Better Survival in Older Cancer Patients Who Also Take Metformin

Walter Alexander

April 12, 2022

Metformin use, regardless of dose, was associated with increased overall survival in older adults with advanced cancer, according to results of a retrospective study of patients with type 2 diabetes and stage IV cancer.

The analysis included 7725 patients with lung, breast, colorectal, prostate, or pancreatic cancer identified through a search of a Surveillance, Epidemiology, and End Results (SEER)-Medicare dataset from 2007-2016.

Out of the full dataset, 2981 patients (38.5%) had been prescribed metformin, and use was highest among patients with prostate cancer (46%).

Patients who took metformin versus those who did not had significantly better overall survival in both unadjusted (unadjusted hazard ratio [HR], 0.73; 95% CI, 0.69 - 0.76; P < .001) and adjusted models (adjusted HR, 0.77; 95% CI, 0.73 - 0.81; P < .001).

Lead author Lisa Scarton, PhD, RN, assistant professor, University of Florida College of Nursing, Gainesville, commented that the "underlying mechanisms of metformin related to cancer are still not completely understood," but many studies have shown metformin is associated with a reduction in the incidence of cancer, a reduction in cancer mortality, and an improvement in overall survival, she said.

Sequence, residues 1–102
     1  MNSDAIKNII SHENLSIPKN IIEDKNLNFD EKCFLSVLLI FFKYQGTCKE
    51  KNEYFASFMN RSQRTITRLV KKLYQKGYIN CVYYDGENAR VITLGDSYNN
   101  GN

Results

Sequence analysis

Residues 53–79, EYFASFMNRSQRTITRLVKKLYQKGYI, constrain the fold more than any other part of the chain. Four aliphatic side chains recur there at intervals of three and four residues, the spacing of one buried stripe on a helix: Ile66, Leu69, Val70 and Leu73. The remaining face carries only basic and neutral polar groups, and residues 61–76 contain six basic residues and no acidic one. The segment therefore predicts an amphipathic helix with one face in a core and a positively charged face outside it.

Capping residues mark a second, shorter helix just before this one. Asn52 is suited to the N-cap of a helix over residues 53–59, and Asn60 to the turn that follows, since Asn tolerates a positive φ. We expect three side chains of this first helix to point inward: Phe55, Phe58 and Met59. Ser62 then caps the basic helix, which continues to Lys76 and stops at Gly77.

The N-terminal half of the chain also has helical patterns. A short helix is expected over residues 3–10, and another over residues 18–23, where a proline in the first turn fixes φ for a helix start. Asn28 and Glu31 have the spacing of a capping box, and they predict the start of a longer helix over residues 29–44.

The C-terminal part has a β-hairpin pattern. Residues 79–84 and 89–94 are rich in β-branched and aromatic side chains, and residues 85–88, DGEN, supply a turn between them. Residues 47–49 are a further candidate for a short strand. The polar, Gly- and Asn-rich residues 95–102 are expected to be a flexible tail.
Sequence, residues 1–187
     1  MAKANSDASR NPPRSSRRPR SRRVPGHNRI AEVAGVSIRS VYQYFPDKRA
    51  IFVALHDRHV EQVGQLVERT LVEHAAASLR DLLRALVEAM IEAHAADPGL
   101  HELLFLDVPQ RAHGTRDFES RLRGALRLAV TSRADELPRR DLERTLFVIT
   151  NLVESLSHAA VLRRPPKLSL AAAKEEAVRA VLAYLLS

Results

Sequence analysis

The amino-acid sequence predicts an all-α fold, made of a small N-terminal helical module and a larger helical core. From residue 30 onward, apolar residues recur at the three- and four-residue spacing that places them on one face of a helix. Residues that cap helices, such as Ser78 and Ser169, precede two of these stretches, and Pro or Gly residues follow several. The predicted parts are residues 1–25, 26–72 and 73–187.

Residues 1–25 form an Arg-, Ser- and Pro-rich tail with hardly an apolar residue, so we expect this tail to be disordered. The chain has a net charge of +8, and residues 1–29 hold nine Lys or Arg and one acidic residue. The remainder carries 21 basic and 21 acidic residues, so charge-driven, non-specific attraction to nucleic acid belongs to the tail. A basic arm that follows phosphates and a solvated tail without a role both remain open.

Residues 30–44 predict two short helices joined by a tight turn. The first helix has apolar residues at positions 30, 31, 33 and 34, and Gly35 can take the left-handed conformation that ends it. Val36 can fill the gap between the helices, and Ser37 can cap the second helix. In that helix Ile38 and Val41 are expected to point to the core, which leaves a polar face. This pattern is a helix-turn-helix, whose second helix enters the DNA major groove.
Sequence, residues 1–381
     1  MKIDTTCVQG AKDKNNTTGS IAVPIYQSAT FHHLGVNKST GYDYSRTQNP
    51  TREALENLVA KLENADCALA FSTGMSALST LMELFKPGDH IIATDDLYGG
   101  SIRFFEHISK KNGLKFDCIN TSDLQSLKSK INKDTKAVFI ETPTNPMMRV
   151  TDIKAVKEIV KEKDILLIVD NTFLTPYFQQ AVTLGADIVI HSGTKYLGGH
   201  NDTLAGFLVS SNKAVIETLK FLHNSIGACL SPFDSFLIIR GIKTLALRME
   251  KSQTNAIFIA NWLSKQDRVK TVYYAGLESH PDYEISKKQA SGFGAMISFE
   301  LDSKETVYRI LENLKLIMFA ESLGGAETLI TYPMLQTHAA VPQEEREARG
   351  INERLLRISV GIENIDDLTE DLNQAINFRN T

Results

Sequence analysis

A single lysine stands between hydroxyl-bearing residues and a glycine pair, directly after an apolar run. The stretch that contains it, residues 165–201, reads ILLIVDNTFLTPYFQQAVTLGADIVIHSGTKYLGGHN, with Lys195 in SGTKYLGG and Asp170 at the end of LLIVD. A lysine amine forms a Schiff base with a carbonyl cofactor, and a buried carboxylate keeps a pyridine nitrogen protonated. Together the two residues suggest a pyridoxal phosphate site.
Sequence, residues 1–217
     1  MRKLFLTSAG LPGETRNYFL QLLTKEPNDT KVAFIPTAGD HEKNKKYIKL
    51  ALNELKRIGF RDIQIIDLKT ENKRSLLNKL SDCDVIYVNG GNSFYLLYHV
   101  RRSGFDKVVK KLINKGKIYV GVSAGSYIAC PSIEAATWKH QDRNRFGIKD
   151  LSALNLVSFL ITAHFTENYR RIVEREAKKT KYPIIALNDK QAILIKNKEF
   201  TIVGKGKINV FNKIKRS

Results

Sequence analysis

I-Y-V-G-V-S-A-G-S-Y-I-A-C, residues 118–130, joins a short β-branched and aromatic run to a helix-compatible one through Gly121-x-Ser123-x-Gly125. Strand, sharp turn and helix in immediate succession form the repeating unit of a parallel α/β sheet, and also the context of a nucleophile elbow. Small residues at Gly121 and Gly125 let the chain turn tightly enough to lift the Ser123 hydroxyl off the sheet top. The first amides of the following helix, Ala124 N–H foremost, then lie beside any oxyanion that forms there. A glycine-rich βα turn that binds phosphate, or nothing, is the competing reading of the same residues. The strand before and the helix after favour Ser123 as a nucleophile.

"As more evidence of anticancer benefit of metformin is emerging, it is important to explore optimal dosages that significantly improve cancer outcomes to boost anticancer effect," she commented in an interview.  

Scarton presented the new data in a poster here at the American Association for Cancer Research 2022 annual meeting.  

The analysis found no significant difference in overall survival between patients who took metformin with average daily doses ≥ 1000 mg or < 1000 mg (aHR, 1.00; 95% CI, 0.93 - 1.08; P = .90).

Although the improvement in overall survival was seen in cancer subgroups, regardless of dose, Scarton noted the benefit was greatest among patients with breast cancer (aHR, 0.67; 95% CI, 0.56 - 0.82; P < .001). Hazard ratios among those who received metformin were 0.78 (95% CI, 0.69 - 0.88; P < .001) for colorectal cancer, 0.77 (95% CI, 0.72 - 0.82; P < .001) for lung cancer, 0.82 (95% CI, 0.72 - 0.93; P < .001) for pancreatic cancer, and 0.74 (95% CI, 0.62 - 0.88; P = .002) for prostate cancer. Also, she noted that race/ethnicity did not play a role as a significant factor for predicting better overall survival.

Among study limitations, Scarton commented, was the advanced age of patients. "Our study population was 66 and older. It would be interesting to investigate this relationship among younger adults. We would also explore explicit benefits of metformin use in different racial and ethnic groups."

The study was funded by the University of Florida, College of Nursing. Scarton has reported no relevant financial relationships.

AACR 2022 annual meeting. Abstract 502/9. Presented April 8, 2022.

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